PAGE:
Because I also keep my passport, money, credit cards, camera, cellphone, adaptor, and other essential documents and items on my person at all times, it also means my netbook is never left behind. This serves the dual function of ensuring I have access to a computer should I need to edit a story or file a deadline, as well as alleviates theft concerns due to entrusting my valuables to my room or hotel safe. If you’re a budget traveler, I firmly believe it’s better to risk carrying anything of value on your person than entrusting them to the vagaries of youth hostels, dodgy guesthouses, or cheap hotels.

The key to creating a user-friendly portable office lies in choosing the right daypack. I’ve written before about my preference for using hydration packs, because if you remove the bladder, it creates a space to safely store documents. I’m 5’2′, so I also require a woman’s pack, and because most of my trips include some form of outdoor activity, I like having a hip belt (the zip pockets of which double as holders for my mouse and cellphone cord), and multiple exterior and interior pockets.

I highly recommend the hydration daypacks made by Osprey and Gregory. They’re incredibly durable, and have useful bells and whistles. I’m not a fan of CamelBak, as I’ve found they don’t hold up well. The brand and style are up to you, but do check to see if the pack you’re contemplating comes with a raincover. If not, it’s a wise investment, and will spare you the anguish of waterlogged gear and devices.

[Photo credit: Flickr user incase]

Top 8 attractions in Vail, Colorado for 2011/2012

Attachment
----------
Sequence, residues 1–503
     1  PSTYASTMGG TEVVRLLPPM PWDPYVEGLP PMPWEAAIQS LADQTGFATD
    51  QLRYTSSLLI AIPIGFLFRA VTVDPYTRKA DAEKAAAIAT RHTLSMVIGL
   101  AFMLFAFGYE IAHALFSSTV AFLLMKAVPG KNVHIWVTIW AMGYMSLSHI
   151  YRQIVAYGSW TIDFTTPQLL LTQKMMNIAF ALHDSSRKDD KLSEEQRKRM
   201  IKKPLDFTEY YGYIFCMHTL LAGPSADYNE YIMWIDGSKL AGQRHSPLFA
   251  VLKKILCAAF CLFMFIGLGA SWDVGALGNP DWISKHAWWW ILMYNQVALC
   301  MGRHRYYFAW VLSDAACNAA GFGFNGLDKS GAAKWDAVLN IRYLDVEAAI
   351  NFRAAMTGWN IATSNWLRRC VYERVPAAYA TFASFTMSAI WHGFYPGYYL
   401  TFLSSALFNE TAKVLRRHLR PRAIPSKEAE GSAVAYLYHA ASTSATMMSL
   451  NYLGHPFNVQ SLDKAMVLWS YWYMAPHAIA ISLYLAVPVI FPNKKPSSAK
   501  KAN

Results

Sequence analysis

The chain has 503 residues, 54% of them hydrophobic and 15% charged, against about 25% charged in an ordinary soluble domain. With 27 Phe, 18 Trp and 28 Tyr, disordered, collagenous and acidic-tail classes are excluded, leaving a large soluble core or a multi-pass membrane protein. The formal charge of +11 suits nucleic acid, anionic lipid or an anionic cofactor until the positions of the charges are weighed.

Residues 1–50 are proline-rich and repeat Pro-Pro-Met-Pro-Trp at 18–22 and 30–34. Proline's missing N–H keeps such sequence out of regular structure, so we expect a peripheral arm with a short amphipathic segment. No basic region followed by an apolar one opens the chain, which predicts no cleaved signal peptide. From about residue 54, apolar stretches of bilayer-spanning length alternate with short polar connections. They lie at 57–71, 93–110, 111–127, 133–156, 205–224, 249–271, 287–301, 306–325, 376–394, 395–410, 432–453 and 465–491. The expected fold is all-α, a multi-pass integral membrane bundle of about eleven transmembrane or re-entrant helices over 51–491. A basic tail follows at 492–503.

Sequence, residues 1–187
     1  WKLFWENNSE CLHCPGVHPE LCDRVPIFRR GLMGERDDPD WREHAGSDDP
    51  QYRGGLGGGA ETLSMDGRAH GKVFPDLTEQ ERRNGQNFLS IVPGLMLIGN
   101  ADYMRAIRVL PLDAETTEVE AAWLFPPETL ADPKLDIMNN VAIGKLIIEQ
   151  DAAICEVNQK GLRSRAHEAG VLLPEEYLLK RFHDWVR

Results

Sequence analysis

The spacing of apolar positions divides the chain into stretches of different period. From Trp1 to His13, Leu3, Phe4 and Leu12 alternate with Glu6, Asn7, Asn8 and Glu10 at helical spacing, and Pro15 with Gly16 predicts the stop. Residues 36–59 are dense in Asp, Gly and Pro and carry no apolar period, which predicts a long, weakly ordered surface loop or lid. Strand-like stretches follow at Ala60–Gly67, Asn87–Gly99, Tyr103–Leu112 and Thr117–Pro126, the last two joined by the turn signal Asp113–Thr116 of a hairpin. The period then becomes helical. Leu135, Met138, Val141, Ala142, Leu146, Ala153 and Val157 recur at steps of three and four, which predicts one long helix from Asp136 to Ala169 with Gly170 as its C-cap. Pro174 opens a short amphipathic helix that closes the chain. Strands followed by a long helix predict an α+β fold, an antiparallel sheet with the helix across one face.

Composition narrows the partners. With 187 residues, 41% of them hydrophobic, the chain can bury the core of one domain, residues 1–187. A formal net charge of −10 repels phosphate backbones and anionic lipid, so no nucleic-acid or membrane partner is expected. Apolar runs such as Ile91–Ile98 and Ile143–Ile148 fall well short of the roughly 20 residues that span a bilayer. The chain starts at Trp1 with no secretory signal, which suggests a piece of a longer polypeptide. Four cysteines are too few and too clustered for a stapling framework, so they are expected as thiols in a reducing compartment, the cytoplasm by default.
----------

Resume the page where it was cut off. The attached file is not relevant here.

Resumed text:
Measured at approximately 5,289 acres, the Vail Ski Resort is the largest single mountain ski resort in the United States and the second largest resort in all of North America (next to Whistler Blackcomb). With a rich history and lively village surrounding the base of the resort, it’s a destination that has plenty to offer both avid skiers & relaxation seekers.

As the 2010/2011 ski season officially comes to a close, there are still plenty of reasons to visit the quaint mountain town for its variety of summer activities. If you’ve been eyeing the wide open expanses of Colorado’s Rockies, then don’t miss my top 8 picks of the best that Vail has to offer:

1. Betty Ford Alpine Gardens
Vail received its first major recognition as an international ski resort in the mid 1970′s when President Gerald Ford carried out a large part of the nation’s business from his family’s home in the town. The Fords left a visible legacy throughout the valley and in 1988, the Vail Alpine Garden Foundation honored former First Lady Betty Ford by naming the world’s highest botanical garden (8,200 ft.) in her honor.

The gardens feature about 2,000 varieties of plants including 500 varieties of wildflowers and high elevation flora. Located just a few miles west of the main town, the gardens are open to the public (free) from Memorial Day to Labor Day, and are certainly worth a visit for those looking for a peaceful afternoon outdoors.


2. Colorado Ski & Snowboard Museum
Just outside the center of Vail’s main village, you’ll find the Colorado Ski Museum; a fascinating collection of memorabilia that illustrates the timeline of Vail’s establishment as well as the evolution of snow sports in the state of Colorado. The museum gives especially valuable insight into the Army’s Tenth Mountain Division, which trained during the 1940′s in the mountains southeast of Vail and would later influence Vail’s development as a ski resort.